Monday, 12 March 2018

Claude Schryer - Autour (1997)


 More environmental/radiophonic sound composition to kick off this week, courtesy of Claude Schryer, born 1959 in Québec.  Four of his works covering 1995-97 are featured on this collection, but rather than being lengthy tracks like when I've previously posted this sort of thing, Schryer works in short snippets averaging two minutes (excepting the 11-minute closing piece).  The result is more like a gallery of photographs in sound than an immersive film, but no less evocative for that.

First up is Musique De L'Odysée Sonore, which did actually start life as the soundtrack to a National Film Board of Canada documentary about Québec City, before Schryer revised and condensed it into 11 minutes.  For me, the most striking of the seven sections here is Église, which encapsulates Schryer's talent for weaving together his sound sources (a grandfather clock, a boat horn, a Popol Vuh-esque choral improv, a Native American chant and garbled spoken poetry) into something truly ear-bending.

Switching continents next, Schryer uses recordings from Mexico City and Oaxaca state for El Medio Ambiente Acustico de México, itself cut down from a 50-minute radiophonic work Marche Sonore II.  Ocean sounds and fields give way to inner-city subway sounds, trains, trucks and marching bands in a parade, and another ambient trip back into nature - all of it evoking its sense of place beautifully.  After that, there's a trip back in place and in time with Vancouver Soundscape Revisited, where the source sounds were recorded in the early 70s for the World Soundscape Project.  Schryer describes his method as selecting a few hundred samples from the project by sonic spectrum, pitch, function and context, and again deftly combines them all into a stunning work.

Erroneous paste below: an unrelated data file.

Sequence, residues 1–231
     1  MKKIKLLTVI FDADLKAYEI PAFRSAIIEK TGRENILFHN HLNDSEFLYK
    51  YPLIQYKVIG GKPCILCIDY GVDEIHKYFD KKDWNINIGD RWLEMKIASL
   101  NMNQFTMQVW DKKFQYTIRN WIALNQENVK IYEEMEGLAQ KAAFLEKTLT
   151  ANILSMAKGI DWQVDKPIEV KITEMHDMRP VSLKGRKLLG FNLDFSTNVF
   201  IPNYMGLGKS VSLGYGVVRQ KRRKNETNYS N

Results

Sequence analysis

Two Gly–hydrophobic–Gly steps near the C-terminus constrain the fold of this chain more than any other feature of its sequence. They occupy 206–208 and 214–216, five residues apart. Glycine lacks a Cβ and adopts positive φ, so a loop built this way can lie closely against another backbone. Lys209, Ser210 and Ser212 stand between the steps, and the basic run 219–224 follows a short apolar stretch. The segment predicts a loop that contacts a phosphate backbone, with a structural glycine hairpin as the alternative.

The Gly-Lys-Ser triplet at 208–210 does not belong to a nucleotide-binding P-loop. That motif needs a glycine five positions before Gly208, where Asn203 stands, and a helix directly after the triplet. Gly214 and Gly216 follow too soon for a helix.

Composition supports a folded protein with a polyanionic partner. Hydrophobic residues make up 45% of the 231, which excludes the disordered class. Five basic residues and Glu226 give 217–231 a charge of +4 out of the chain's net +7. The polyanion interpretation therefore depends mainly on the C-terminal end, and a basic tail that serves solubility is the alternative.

Closing the disc is the standalone piece Autour d'Une Musique Portuaire, where the harbour sounds, bells and trains originally used for a live radio broadcast (with Schryer directing the 'performers' on the boats, trains and cathedral bells to play together by walkie-talkie!) were re-purposed in the studio for a saxophonist, trombonist and clarinetist (Schryer) to improvise over.  The result makes the most of the wide open spaces and long boat-horn drones to let the instruments fill in the gaps perfectly.

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